In addition, he said Gov. Wolf’s recent Executive Order sets a greenhouse emissions reduction goal for the state and tasks the GreenGov Council to take steps to implement the Order.
McDonnell added as you look at adaptation and mitigation strategies to deal with issues like more frequent stormwater and flooding impacts, those could be addressed by the Restore Pennsylvania proposal.
Here’s a quick rundown on other issues raised at the meeting, some of which were also addressed in last week’s House hearing on DEP’s budget request--
-- Unnecessary Hearings On Pipeline Permits: Rep. Timothy O’Neal (R-Washington) asked if  DEP looking at eliminating doing certain things that are not necessary, like holding hearings on pipeline permit applications when they are not required.  He pointed to the example of the Shell Falcon ethane pipeline in his district. McDonnell said generally the agency is looking at doing more with general permits that simplify the permit process and taking other steps to improve efficiencies.  On pipeline permits, McDonnell said the challenge is issuing a permit that will withstand appeals. He added he believes DEP has had a defensible record on issuing pipeline permits in particular. He also said DEP received a number of requests for hearings on the Shell Falcon pipeline and other projects they have to respond to.
-- Special Fund Transfers: Rep. Greg Vitali (D-Delaware) expressed concern about proposed transfers from Environmental Stewardship (Growing Greener), Oil and Gas Lease Fund, Keystone Recreation, Parks and Conservation Fund and Recycling Fund to pay operating costs and generally about significant reductions in funding and staff in the agency over the last decade or more.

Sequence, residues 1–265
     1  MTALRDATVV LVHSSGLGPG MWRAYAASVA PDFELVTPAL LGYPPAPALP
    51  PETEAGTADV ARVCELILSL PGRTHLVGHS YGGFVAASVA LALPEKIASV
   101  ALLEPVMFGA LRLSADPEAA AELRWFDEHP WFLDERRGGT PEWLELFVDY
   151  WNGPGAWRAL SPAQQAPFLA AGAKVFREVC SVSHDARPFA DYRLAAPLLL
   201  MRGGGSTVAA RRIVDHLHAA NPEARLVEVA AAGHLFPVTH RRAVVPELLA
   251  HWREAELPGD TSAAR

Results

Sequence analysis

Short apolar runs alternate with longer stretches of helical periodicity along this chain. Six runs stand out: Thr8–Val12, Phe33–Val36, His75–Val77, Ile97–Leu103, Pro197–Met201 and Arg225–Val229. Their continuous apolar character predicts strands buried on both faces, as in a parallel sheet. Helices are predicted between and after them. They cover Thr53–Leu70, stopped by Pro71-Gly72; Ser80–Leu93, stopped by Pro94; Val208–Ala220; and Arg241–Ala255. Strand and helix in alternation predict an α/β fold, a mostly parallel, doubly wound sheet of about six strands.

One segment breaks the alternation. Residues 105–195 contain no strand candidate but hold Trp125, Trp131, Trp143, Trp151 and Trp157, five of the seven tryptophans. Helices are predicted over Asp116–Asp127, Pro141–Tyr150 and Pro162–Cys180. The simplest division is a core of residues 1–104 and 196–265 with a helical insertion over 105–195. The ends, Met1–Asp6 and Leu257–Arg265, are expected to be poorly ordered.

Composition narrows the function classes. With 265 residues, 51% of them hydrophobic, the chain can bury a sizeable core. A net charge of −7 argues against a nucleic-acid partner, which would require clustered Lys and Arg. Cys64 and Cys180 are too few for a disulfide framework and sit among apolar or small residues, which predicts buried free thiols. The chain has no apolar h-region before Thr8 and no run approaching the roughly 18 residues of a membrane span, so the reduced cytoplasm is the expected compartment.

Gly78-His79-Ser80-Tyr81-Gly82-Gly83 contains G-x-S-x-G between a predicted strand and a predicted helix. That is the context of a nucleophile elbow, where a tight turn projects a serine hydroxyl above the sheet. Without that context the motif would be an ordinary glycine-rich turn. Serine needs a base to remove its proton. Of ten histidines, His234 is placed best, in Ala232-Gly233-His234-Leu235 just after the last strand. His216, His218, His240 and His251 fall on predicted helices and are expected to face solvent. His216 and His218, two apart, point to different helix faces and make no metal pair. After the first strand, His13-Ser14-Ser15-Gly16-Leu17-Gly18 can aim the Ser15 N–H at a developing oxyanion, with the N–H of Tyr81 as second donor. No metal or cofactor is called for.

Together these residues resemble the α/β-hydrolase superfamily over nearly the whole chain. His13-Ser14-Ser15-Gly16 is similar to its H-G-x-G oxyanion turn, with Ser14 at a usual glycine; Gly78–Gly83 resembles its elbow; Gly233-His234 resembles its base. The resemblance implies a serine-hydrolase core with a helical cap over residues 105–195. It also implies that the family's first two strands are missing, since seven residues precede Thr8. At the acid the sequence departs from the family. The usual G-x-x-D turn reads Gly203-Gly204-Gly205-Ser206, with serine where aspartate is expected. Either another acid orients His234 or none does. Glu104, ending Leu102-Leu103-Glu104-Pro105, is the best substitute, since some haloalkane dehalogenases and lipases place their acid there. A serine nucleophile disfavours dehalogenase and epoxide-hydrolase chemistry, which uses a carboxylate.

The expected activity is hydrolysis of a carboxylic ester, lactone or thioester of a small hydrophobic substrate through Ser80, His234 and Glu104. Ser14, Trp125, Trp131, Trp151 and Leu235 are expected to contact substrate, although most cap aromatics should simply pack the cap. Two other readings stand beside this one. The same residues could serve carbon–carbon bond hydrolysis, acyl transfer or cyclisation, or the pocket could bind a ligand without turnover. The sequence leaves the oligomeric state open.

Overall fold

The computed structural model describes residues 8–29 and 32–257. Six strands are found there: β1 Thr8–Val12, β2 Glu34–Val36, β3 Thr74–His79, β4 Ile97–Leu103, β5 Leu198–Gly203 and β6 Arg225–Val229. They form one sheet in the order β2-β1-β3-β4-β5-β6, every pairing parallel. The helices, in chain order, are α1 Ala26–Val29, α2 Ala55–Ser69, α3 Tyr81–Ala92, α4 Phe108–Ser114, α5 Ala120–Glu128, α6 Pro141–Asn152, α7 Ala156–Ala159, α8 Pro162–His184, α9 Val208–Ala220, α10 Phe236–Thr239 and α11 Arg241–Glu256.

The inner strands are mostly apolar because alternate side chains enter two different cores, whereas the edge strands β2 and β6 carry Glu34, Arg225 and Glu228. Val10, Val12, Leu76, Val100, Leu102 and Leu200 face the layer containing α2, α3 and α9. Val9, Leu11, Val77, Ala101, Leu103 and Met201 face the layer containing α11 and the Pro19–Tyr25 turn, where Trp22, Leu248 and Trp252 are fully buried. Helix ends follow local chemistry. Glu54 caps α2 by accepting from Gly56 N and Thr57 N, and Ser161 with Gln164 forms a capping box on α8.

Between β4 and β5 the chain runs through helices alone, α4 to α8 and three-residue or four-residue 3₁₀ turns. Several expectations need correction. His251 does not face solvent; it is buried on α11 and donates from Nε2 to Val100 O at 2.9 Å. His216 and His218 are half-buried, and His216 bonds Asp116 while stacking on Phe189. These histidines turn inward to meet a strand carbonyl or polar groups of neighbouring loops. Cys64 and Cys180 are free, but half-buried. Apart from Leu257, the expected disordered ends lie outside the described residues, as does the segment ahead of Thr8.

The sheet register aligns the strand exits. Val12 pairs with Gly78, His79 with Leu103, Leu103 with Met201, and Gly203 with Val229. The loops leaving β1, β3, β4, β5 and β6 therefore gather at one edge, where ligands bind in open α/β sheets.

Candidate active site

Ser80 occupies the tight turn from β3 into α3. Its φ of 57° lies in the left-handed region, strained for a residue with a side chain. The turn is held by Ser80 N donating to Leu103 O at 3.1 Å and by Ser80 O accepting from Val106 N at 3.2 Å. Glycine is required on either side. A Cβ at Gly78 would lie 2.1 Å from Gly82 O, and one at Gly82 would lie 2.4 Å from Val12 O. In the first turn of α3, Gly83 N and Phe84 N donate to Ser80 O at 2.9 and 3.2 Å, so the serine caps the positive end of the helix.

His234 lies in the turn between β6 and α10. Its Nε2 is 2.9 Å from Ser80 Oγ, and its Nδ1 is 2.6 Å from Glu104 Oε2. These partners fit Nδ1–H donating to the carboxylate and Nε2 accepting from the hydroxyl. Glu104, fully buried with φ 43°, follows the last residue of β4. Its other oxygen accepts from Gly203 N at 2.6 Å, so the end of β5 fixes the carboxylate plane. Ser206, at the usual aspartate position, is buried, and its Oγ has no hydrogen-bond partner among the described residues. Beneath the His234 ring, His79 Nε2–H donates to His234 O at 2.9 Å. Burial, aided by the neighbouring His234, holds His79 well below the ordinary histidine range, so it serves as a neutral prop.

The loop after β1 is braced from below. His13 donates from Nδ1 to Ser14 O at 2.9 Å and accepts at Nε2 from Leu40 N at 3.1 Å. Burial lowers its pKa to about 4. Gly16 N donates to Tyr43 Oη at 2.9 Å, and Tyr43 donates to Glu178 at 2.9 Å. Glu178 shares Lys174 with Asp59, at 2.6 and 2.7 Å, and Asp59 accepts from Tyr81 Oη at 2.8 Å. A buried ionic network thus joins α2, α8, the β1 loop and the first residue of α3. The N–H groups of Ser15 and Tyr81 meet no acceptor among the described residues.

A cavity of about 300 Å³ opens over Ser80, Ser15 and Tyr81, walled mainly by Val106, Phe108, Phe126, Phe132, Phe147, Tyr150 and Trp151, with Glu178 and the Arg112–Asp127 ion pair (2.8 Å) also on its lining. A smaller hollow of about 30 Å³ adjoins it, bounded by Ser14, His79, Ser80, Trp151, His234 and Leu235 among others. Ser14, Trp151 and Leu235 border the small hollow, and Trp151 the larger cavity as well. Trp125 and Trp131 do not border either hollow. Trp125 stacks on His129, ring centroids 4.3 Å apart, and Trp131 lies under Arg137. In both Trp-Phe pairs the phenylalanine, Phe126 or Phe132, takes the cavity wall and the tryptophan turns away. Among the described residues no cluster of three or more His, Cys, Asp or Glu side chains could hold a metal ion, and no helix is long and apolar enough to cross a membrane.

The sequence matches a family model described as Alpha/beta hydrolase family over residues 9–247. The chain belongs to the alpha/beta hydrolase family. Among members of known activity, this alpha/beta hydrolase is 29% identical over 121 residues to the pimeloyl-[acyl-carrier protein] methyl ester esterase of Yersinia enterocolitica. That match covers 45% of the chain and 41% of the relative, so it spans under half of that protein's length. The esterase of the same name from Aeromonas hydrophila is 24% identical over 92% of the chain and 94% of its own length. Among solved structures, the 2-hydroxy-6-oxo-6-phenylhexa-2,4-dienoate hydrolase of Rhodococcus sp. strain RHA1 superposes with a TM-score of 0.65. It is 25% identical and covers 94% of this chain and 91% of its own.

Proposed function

-- Recycling Fund: Rep. Chris Dush (R-Jefferson) asked why the balance in the Recycling Fund does not go down and whether grants were going out the door. McDonnell said when the $2 Recycling Fee was in danger of sunsetting  in 2017, DEP slowed down giving out grants because DEP wanted to meet all existing commitments without creating new ones. He also explained revenue and outflow from the Recycling Fund tends to come in and go out in larger chunks.
-- Fee Supported Programs: Rep. Metcalfe asked which programs are solely supported by fees.  McDonnell said it varies, the Oil and Gas Program is funded entirely by fees and a $6 million transfer from the Marcellus Legacy Fund financed by Act 13 impact fees.  The Air Quality and Radiation Protection Programs are supported by a combination of fees and federal funds. The Safe Drinking Water Program is funded by federal, state and permit fees.